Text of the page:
saturniniidae: (dognose)
[personal profile] saturniniidae
For $65 and a cheek swab, you can find out the breed composition (from 38 registered breeds) of your mixed breed dog. I'm sort of curious about Stella, but not $65 curious.

Date: 2007-06-12 05:24 pm (UTC)
From: [identity profile]
Annie: Southern Brown Dog. 'nuff said.

Sophie: Funny-looking freak. Furry little tank. Goofy, stubby-legged dog who managed to go all Cuisinart on a squirrel yesterday.

Date: 2007-06-12 06:09 pm (UTC)
From: [identity profile]
Stella: 100% pure-bred awesome.

Date: 2007-06-12 08:29 pm (UTC)
From: [identity profile]
Heck yeah. I'll be selling her clones as soon as they become available :)

Date: 2007-08-14 03:23 pm (UTC)
From: [identity profile]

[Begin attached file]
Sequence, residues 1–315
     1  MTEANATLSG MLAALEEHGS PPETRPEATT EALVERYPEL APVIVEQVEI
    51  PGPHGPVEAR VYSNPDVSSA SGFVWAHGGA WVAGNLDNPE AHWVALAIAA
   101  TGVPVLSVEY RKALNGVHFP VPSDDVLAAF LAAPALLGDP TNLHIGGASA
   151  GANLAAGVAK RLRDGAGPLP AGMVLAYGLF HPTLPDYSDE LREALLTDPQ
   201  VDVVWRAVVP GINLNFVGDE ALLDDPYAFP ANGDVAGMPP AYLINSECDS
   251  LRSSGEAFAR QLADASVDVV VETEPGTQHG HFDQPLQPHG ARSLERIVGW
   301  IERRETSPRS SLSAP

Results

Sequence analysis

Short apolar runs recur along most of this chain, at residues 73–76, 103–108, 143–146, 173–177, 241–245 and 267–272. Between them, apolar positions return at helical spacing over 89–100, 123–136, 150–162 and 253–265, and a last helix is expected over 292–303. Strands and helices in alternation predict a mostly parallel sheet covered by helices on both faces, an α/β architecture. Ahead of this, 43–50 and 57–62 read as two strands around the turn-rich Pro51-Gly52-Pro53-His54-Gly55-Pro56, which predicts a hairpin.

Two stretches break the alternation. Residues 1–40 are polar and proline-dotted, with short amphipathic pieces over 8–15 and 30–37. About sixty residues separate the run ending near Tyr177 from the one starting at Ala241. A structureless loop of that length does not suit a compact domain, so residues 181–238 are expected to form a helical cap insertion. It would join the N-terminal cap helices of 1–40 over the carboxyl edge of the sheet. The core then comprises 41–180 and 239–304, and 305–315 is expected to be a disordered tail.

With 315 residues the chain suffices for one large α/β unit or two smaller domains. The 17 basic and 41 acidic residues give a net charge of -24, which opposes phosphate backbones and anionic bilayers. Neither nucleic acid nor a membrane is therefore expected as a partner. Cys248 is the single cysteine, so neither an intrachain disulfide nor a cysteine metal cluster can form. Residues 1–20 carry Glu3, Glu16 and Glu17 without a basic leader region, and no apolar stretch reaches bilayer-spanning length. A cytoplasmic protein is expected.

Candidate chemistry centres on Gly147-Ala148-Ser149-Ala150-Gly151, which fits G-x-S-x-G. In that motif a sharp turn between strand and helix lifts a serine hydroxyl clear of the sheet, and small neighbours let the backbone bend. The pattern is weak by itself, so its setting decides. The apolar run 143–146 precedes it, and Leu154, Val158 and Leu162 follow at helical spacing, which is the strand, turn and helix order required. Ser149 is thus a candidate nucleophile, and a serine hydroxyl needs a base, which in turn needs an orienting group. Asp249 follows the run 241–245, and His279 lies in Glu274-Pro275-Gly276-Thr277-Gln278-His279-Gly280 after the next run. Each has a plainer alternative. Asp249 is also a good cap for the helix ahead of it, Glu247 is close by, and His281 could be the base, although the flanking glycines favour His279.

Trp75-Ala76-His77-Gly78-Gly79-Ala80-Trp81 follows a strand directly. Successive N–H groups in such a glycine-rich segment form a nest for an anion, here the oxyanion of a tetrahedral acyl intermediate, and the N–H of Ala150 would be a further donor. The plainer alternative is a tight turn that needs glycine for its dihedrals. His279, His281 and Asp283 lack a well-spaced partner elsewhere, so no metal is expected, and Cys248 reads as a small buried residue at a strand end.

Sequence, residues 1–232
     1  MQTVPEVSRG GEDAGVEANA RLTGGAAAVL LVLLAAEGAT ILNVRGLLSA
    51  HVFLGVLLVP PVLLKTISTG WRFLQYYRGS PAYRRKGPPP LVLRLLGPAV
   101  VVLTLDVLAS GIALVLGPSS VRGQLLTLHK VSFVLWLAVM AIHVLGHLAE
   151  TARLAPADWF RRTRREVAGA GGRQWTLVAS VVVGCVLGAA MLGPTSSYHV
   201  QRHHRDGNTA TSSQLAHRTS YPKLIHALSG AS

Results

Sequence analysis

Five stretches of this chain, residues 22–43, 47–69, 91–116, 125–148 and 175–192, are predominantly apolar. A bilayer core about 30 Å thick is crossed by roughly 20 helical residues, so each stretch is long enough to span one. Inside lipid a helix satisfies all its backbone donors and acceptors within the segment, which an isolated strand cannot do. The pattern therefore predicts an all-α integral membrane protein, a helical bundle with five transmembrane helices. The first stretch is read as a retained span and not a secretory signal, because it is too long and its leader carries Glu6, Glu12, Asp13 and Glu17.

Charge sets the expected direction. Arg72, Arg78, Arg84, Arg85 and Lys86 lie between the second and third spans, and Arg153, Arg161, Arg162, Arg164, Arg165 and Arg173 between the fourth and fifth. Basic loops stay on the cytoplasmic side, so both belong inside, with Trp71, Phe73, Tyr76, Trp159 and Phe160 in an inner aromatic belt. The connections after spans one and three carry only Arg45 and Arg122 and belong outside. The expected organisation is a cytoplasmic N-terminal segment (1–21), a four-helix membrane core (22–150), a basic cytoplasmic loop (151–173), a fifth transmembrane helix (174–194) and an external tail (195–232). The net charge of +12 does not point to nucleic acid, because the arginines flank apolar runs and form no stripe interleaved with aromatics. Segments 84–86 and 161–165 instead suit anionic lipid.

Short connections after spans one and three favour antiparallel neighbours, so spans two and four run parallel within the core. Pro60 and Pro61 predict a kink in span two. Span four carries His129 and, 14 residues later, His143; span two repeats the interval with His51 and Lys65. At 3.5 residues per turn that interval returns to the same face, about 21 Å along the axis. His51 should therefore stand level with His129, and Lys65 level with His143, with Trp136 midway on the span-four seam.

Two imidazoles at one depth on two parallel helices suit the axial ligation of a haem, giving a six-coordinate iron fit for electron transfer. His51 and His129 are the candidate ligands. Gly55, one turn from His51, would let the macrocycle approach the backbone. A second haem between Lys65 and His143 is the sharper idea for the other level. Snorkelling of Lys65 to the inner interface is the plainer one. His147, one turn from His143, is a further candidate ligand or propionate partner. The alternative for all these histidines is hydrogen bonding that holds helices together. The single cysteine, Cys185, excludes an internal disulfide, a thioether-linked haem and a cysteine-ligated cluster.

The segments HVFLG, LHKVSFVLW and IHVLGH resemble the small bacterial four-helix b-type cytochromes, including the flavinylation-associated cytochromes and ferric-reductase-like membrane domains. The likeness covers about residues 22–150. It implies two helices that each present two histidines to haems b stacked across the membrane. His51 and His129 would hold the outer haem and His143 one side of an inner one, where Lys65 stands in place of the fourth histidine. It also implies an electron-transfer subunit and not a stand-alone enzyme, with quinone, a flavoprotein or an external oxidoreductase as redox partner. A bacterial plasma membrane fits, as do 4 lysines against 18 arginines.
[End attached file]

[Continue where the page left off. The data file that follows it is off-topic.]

I just realized the number 38 is here, too. It's haunting me. Yep. 38, everywhere.

Date: 2007-06-13 02:12 am (UTC)
From: [identity profile]
I'm not sure I'd spend $65 for it either, but that's still kind of awesome that it's possible ... but I'm like, wait, how do that do it? I thought they just did straight-matrilinial or -patrilineal lines, which really leaves the milkmen and neighborhood divorcees out, doesn't it?

Date: 2007-06-14 02:56 pm (UTC)
From: [identity profile]
Yes, most DNA testing uses mitochondrial DNA or Y chromosome testing, but that's usually to prove specific parentage or familial relation. Breed testing relies on looking at a SNPs with relatively high breed specificity, and by looking at lots of them, mathematically deducing the probability of a particular breed's contribution. It is far from foolproof, but so far the main purpose is to satisfy owner curiosity.


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